If Fitzgerald and Cronin’s primary goal is to keep natural slides from hitting the road during the day, they are pretty successful, though their success is truly defined by absence: The fewer natural slides that hit the road, the more successful they are. Three times in the past few winters slides have come down from Mount Glory’s slopes and disrupted traffic, including the famous 2016 one that buried the Jeep, though small slides from the roadcut at the top of the pass have limited traffic to one lane from time to time.

In all those cases, however, it was suspected that skiers triggered the slides due to heavy ski traffic on the mountain, though that is hard to prove without culprits coming forward. Those skiers, and their potential to impact the road, are outside the WYDOT forecasters’ purview to stop. Because the Bridger-Teton National Forest manages the slopes on Mount Glory, WYDOT doesn’t have the authority to close them.

To manage what they can, WYDOT’s forecasters follow a simple formula: close the road, bomb the slopes, clean up the debris. Using a digital alert system, they announce closures, which often take place in the early morning hours before commuters are on the road. Using the remote triggering systems, they ply the starting zones of Twin Slides and Glory Bowl in an attempt to induce a slide.

Usually when avalanche danger builds up during or after a storm, the WYDOT forecasters perform some kind of mitigation. The strategy is that the frequent small avalanches are more predictable than if the snowpack in the starting zones were allowed to build up all season.

A season’s worth of snow is also likely to cause roadway damage that can cause long-term delays or reroutes for commuters. Fitzgerald pointed to a 2019 slide on southwestern Colorado’s Red Mountain Pass as an example.

After heavy spring storms brought the entire snowpack down on top of a snowshed, a tunnel-like structure meant to allow avalanches to pass over the roadway, up to 60 feet of snow covered the road and filled the snowshed, closing the highway for two weeks.

“If you were to let it just build and build and build it could produce an avalanche, like what we saw in Red Mountain Pass,” Fitzgerald said. “Then your road closure might be a long time.”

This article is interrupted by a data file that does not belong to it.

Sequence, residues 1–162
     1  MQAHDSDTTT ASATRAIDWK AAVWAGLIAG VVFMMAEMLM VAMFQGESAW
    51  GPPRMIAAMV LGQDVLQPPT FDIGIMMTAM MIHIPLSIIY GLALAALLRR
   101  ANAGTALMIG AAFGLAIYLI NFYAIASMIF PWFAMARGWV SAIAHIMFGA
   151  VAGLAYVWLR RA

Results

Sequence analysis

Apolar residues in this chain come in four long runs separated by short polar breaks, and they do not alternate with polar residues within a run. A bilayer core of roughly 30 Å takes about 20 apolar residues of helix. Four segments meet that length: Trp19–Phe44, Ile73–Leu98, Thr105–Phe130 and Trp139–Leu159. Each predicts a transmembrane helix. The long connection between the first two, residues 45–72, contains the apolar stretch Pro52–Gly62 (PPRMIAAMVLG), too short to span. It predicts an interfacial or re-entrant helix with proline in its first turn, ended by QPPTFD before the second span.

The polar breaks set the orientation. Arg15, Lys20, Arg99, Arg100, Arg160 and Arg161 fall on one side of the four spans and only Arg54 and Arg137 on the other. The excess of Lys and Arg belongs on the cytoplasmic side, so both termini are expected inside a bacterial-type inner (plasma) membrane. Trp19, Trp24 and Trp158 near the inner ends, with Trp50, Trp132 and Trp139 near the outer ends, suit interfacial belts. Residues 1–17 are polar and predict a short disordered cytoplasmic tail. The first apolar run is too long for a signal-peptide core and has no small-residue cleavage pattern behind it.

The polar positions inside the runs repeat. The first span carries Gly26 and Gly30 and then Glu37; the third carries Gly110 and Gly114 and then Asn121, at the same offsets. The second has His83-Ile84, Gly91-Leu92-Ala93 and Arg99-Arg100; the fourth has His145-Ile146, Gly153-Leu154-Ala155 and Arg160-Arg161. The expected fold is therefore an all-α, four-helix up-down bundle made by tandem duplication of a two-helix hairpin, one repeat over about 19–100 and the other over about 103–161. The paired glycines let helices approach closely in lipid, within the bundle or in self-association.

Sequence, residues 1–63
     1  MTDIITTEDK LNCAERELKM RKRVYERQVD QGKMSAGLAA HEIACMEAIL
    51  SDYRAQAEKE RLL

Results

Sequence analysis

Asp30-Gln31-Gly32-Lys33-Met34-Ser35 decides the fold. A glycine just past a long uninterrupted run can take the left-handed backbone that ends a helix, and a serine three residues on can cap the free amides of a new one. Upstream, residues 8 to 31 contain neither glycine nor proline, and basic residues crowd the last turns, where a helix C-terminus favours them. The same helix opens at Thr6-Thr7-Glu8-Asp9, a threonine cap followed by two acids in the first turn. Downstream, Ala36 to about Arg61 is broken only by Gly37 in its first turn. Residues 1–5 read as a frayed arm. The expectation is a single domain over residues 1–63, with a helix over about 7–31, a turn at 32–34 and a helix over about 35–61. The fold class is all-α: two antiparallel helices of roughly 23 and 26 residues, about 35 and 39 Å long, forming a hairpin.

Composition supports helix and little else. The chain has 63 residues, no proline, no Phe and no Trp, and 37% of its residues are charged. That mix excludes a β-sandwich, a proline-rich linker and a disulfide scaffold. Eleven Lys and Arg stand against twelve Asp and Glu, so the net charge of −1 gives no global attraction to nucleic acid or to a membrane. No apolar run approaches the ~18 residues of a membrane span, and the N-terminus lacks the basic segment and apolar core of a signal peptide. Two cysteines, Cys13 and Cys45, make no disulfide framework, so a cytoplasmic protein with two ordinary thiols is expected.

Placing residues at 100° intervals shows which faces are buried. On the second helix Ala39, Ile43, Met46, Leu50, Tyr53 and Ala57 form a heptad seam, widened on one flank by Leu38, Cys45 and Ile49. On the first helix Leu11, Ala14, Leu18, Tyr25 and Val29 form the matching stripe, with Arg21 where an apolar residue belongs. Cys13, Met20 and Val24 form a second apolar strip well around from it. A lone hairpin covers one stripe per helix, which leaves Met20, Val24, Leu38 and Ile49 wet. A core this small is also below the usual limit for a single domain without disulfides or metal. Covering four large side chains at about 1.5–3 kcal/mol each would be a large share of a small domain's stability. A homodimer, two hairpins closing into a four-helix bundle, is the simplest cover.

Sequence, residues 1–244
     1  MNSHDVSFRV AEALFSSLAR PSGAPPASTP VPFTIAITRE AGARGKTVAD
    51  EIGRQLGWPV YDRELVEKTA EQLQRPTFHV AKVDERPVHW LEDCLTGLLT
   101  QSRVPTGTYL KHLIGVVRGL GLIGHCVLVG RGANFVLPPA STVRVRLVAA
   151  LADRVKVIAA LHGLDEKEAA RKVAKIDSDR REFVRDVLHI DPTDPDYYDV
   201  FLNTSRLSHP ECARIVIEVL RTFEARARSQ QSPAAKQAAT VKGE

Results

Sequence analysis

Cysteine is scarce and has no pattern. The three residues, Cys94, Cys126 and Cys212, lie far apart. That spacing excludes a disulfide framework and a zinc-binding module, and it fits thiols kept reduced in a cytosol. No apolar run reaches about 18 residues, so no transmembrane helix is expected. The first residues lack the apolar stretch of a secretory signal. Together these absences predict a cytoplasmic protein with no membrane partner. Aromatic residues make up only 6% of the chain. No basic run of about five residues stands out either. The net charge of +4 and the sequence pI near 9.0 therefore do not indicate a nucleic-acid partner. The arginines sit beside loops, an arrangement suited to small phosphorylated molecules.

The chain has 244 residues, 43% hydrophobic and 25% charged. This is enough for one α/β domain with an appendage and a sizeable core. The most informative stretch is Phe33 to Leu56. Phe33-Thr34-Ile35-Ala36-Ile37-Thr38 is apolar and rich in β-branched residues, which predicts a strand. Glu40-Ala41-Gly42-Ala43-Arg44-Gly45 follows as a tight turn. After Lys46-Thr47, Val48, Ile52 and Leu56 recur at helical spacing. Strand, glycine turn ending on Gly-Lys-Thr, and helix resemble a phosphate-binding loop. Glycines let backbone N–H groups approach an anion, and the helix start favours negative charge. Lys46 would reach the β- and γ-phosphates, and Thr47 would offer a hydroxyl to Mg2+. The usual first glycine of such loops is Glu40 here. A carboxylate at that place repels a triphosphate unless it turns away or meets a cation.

Even with WYDOT’s relatively well-oiled approach, Teton pass closures can be unpredictable, and the threat of avalanches remains constant. Sometimes closures start during the evening commute and last through the night. In February 2017, a five-day closure upended an entire work week for commuters.

Drivers sometimes reach the gate at the base of the pass in Wilson and have no way of knowing how long they’ll wait. If it’s just a small skiff of snow on the road, the closure might last an hour or less. A wall of snow that’s 20 feet deep means they should just take the scenic route through Alpine.

“I wish there was a better way for us to know,” said Colin Boeh, a wildlife guide who lives in Tetonia, Idaho, and works in Teton Village. “Maybe if there was some kind of better communication line between WYDOT and the state police and commuters.”

Skiers sometimes play a role in that uncertainty.

WYDOT has to make sure all skiers are off Mount Glory before beginning mitigation work to ensure no one is caught in the slides they produce. If skiers are out when avalanche danger is escalating and WYDOT has announced an impending closure, the technicians aren’t able to start bombing until the parking lot is empty, and those skiers could conceivably cause a slide while they are trying to clear the area.

The popularity of the pass means the danger from skier-triggered slides is ever present, and even with mitigation, natural slides will always be possible, too. Cronin and Fitzgerald, along with Teton Pass Ambassador Jay Pistono, report increased skier traffic is a trend that is unlikely to abate.

“The world population is not decreasing; skis have gotten fatter,” Cronin said of trends that push more people toward Teton Pass. “Backcountry skiing is the largest area of growth in the skiing market.”

WYDOT has few tools to deal with the danger of midday avalanches. Closures of Twin Slides and Glory Bowl are one, but skiers have indicated they would not support them.

Other avalanche-prone areas have turned to infrastructure for fixes.

Rogers Pass in British Columbia uses an intricate system of snowsheds, snow fences, remote triggering systems and skier permits to mitigate risk in an area that makes Teton Pass look “tiny,” Fitzgerald said.

Snoqualmie Pass in Washington state doesn’t face the same kind of skier traffic, but its avalanche program has seen success using elevated sections of roadway to separate drivers from avalanche paths.

WYDOT has long considered snowsheds as a possible improvement. As early as 1977, the Jackson Hole Guide reported that they were being floated as an idea, and the transportation department has studied them every decade or so.

As engineers and politicians debate funding and feasibility, traffic and skier volumes continue to increase: WYDOT engineer Bob Hammond said an average of 16,000 vehicles travel east from Wilson at the bottom of the pass each day, an increase of 25% since 2012, though it’s not clear exactly how many of those are commuters. A Friends of Pathways counter during the winter of 2018-19 found that more than 600 people may ski the pass on a given day.

That growing use from both drivers and skiers means the potential for another avalanche event like the one that buried the Jeep is correspondingly increasing. All that puts more drivers in a situation that appliance salesperson and commuter Maggie Cane calls “terrifying, to be honest.”